New Jersey Governor Phil Murphy has won his re-election, according to the Associated Press, after nearly 24-hours of ballot counting that left the race too close to call. The close race was a shocking turnabout after Murphy had led his Republican challenger Jack Ciattarelli by double digits in most polls.

Murphy’s lead is about 19,000 votes as of Wednesday evening. He would be the first Democrat reelected as governor in the Garden State since 1977, when Brendan Byrne won a second term.

Ciattarelli, known as a moderate when he was a state assemblyman but ran further right during his gubernatorial campaign, criticizing LGBTQ issues being taught in schools, has not yet conceded. However, the ballots that are still uncounted leave him with a narrow path to victory because they are either in heavily Democratic counties or they are mailed ballots, which are used more by Democrats.

“With the candidates separated by a fraction of a percent out of 2.4 million ballots cast, it’s irresponsible of the media to make this call when the New Jersey Secretary of State doesn’t even know how many ballots are left to be counted,” said Stami Williams, spokeswoman for the Ciattarelli campaign in a Tweet.

Counties are still continuing to tally votes. An unknown amount of ballots will continue to arrive by mail and will be counted as long as they were postmarked by November 2nd and arrive by Monday.

This year, voters also had nine days to cast early, in-person ballots for the first time.

“The public wants results as fast as possible,” Essex County Clerk Chris Durkin said. “We're so used to when we knew results on election night but that's not the way the system is set up now.”

Durkin said, like other counties, Essex used brand new voting machines this year. He said the counting will take some time while the county waits for results from 56 districts that did not turn in results when the polls closed. He said poll workers are supposed to remove the cartridge that holds the vote tallies inside the voting machines but it’s unclear what happened.

In order to retrieve the machines after the election, a judge has to issue an order, which Durkin said he received by Wednesday afternoon. Durkin said usually about 20-25 districts out of more than 500 don’t return results.

“It's all part of the process, it does happen along the way,” Durkin said. “Obviously people don't know about it when there's large margins and so when it comes to a close race, the process is magnified.”

Hudson County is also waiting for results from 34 machines, the clerk’s office said.

Election workers go through stacks of mail-in ballots

Board workers Bernadette Witt, left, and JoAnn Bartlett, right, process and double-check mail-in ballots for Bergen County in Hackensack, N.J.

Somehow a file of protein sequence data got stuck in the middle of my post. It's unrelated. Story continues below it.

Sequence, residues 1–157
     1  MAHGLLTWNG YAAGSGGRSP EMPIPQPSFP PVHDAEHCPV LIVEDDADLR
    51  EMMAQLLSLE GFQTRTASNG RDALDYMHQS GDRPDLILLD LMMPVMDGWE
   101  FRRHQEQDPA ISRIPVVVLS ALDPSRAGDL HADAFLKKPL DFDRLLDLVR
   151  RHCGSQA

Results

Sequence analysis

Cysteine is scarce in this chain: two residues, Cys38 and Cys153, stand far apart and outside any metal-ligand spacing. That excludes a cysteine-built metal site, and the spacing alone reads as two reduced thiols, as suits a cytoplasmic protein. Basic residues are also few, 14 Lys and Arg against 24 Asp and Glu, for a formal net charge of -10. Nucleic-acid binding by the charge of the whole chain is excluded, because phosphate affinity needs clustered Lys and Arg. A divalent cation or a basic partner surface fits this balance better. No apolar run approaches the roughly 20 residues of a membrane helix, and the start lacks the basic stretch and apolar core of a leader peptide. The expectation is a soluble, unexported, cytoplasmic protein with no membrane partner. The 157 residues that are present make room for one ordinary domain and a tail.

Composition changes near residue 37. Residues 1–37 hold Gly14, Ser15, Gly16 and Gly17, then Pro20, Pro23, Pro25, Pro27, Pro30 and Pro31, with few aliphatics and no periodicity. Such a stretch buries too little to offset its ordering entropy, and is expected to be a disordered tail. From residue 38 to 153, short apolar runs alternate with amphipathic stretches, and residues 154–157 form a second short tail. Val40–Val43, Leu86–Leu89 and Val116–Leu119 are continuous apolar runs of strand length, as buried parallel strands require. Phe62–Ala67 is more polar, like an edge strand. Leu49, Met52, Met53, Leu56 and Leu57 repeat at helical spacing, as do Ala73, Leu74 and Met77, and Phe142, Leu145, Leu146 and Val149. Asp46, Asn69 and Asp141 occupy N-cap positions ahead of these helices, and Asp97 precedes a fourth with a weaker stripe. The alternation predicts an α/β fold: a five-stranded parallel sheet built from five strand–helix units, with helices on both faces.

Board workers Bernadette Witt, left, and JoAnn Bartlett, right, process and double-check mail-in ballots for Bergen County in Hackensack, N.J.
Seth Wenig/AP/Shutterstock

In Bergen County, Deputy Clerk Steve Chong said the county, which is the state's largest, sent out 86,000 vote-by-mail ballots and so far about half of those were returned and counted.

“The machine ballot has been all counted, 100% reporting,” Chong said. “And early voting, we are in the process of finishing. Right now, we are still waiting for vote-by-mail, more vote-by-mail to come.”

The state also debuted new electronic polling books this year which caused some delays.

“We started hearing throughout the day about voters unable to access their polling place. We heard stories of places being inoperable because of technical difficulties, because of wifi issues because of computer issues,” said Amol Sinha, executive director of the ACLU of New Jersey “What it resulted is people being disenfranchised or turned away and being left unable to vote.”

The ACLU and the League of Women Voters filed a lawsuit on Tuesday, asking a judge to extend polling hours by an hour-and-a-half to 9:30 p.m. due to the glitches. A judge denied the request.

Sinha said problems were reported in Hudson, Mercer, Middlesex and Cumberland counties.

Reported delays lasted as much as four hours.

“We’re talking about some of the most populated counties in the state, these are some central locations in the state,” he said. “There may be many poll sites that were unable to be opened and we just didn’t hear about it.”

Murphy is expected to address supporters at an Asbury Park "victory party" at 10 p.m. Wednesday.